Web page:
A cordless drill is a very versatile tool to have around, despite its low speed and torque. Its freedom from a cord makes my tool of choice for handyman types of repairs around the house and in my shop/laundry-room/garage.
My particular drill is a 9.6V Makita Model 6095D, which comes with a keyless chuck and an adjustable clutch that allows adjusting the fastening torque so that it will slip before damaging something.
Unfortunately, the clutch is too imprecise to reliably prevent sinking screw heads too deep in wood or plaster board, but I have found it useful when tapping threads; I set the torque low enough to avoid breaking the tap and repeatedly run it forwards until it slips, then back out a few turns, forward again until enough threads are cut. I find that I can hold the tap reasonably straight when I am just pulling a trigger and flipping a switch.
Although I own a lovely 1/2" Milwaukee corded drill that has enough torque to sprain a wrist, I succumbed to the temptation to use the cordless drill to try to drill some large holes in 1/4" steel when building the fence for my table saw. Instead of drilling the desired holes, I ended up damaging the drill's clutch. After that abusive day, my clutch slipped with the slightest torque, rendering the drill just about useless.
Normally, I would respond to the damage by taking the case apart and trying to determine what I broke. However, in this case the adjusting collar for the clutch fits over both halves of the case, and the collar can not be removed without first removing the chuck.
Most hand-held drills have chucks that screw onto the shaft with a right-hand thread. Reversible drills lock the chuck in place with a left-hand threaded screw inside the chuck. To remove this screw, open the jaws of the chuck all the way and use a screwdriver to back out the screw (turning it clockwise, of course, to loosen it).
The easiest way to get the chuck off, once the screw is out, is to chuck the short end of a large Allen wrench into the drill, run the drill backwards at low speed, and let the long end of the Allen wrench bang into a concrete floor or a 2x4 or something until you hear a pop and the chuck just screws off. The impacts seem to loosen stuck threads very well.
The problem with my drill was that my clutch was damaged and I couldn't get enough of an impact to loosen the threads. I had to get to the clutch before I could get to the chuck.
Fortunately, the plastic case is flexible enough to allow it to be pried apart enough to get access to some of the internals, even when it is held together in the front.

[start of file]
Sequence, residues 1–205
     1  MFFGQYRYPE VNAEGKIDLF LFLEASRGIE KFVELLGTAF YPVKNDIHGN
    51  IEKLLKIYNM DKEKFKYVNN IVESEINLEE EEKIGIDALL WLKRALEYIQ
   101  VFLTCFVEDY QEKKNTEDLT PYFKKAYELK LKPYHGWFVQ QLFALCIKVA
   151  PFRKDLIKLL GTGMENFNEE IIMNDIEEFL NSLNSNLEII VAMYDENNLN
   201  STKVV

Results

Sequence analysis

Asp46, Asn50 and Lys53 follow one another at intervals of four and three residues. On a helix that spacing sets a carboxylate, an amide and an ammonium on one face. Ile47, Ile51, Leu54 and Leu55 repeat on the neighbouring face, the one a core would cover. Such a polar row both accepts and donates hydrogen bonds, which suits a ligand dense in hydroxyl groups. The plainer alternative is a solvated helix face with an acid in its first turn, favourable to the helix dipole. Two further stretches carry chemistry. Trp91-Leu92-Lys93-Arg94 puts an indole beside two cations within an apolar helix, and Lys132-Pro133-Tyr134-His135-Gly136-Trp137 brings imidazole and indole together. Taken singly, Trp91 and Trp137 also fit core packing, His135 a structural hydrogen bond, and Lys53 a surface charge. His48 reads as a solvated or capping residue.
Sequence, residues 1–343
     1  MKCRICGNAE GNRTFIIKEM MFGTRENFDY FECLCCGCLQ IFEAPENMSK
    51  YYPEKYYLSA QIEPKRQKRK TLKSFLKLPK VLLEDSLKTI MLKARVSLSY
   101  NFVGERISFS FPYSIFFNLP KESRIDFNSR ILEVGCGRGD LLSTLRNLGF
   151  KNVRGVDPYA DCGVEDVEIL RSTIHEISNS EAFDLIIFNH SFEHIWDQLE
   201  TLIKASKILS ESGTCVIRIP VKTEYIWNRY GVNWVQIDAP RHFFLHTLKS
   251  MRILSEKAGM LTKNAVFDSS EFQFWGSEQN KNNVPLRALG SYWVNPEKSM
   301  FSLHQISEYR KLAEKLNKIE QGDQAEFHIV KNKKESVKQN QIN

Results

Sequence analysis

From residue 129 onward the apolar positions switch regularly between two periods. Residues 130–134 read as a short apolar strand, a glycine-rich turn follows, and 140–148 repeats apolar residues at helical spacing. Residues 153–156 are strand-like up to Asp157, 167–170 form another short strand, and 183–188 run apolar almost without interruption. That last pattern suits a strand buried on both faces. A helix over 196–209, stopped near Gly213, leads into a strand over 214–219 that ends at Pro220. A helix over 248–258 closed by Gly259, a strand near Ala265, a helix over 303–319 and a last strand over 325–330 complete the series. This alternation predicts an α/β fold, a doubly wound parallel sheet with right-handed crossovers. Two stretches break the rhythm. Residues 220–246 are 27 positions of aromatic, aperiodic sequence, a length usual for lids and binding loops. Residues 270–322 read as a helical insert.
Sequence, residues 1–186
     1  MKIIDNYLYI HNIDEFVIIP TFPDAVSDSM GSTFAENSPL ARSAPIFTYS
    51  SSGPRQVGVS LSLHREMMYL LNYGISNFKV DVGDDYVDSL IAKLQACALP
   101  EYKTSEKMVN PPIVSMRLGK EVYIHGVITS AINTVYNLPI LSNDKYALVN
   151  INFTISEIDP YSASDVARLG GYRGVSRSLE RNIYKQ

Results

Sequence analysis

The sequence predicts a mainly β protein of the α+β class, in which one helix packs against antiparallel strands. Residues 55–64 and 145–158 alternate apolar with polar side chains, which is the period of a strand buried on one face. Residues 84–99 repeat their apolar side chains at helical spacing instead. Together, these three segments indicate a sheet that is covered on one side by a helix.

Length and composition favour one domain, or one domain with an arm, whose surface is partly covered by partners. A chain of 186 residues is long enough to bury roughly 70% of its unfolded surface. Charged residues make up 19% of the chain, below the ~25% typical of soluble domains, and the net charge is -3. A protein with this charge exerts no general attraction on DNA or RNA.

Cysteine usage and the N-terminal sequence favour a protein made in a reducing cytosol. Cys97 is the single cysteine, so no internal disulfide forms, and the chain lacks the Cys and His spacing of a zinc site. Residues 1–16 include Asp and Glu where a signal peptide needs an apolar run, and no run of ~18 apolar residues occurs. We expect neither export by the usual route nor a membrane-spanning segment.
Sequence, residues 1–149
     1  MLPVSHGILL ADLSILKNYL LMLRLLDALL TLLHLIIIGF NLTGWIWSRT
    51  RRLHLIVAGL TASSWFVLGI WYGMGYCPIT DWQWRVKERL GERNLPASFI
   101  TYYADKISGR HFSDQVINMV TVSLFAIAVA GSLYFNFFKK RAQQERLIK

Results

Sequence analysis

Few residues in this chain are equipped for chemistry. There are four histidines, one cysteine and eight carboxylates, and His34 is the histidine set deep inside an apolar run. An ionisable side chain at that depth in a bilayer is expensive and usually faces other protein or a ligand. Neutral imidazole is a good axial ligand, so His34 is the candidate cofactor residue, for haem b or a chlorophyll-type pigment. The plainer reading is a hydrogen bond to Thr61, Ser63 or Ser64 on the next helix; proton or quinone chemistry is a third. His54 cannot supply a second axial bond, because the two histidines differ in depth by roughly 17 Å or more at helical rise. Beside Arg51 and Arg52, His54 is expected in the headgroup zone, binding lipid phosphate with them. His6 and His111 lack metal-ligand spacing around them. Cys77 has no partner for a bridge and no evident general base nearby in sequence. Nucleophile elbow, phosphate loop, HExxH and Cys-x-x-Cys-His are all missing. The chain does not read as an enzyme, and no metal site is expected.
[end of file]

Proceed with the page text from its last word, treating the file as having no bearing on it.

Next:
The first thing I tried was to jam a screwdriver into the reduction gears and attempt to whack the Allen wrench to break the stuck threads free. That didn't work, but it did mess up the reduction gears so that my drill now ticks every revolution.
While playing with the drill in its partially-disassembled state, I noticed the spring-loaded clutch mechanism just forward of the trigger. I have scanned in part of the exploded parts diagram for this drill and I have marked the relevant parts of the clutch assembly in red.
By pressing the slider (part 37) back towards the trigger with an appropriate tool, the clutch can be prevented from slipping, and the Allen-wrench-loosening technique can then be used.
A few seconds later I had the drill apart and I determined what was wrong; The clutch change ring (part 7) had turned past its normal range of motion and the cam plate (part 5) was no longer engaging the slider (part 37). I turned the ring back to its normal position, tested the drill, cleaned up some of the old grease, and had the drill back together in no time.
Before I attacked my drill's internals, I did contact my local Makita Service Center. It turns out that they had a fixed-price repair policy for that drill (and other products, I believe), and, for about $50 they would fix what ever was wrong with my drill. I didn't feel like spending half of what a new drill would cost to repair an old one, so I opted for the solution described above. You may want to, at least, check with a service center before risking real damage to your tool.
Makita also has an online site with lists of service centers, parts breakdowns, and online ordering of parts and tools at http://www.makitaparts.com.
Of course, I believe that you can't really learn how something works if you are afraid to break it. That means I have experienced that special, sick feeling in my belly and the remorseful "why did I ever do that?" while working on machine tools, hand tools, cameras, cars, operating systems, computer hardware, stereo equipment, dive gear, and a few other things so far, and I will probably experience it again more than once.
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Repairing a Makita Drill / firstname.lastname@example.org / revised 1999 June 25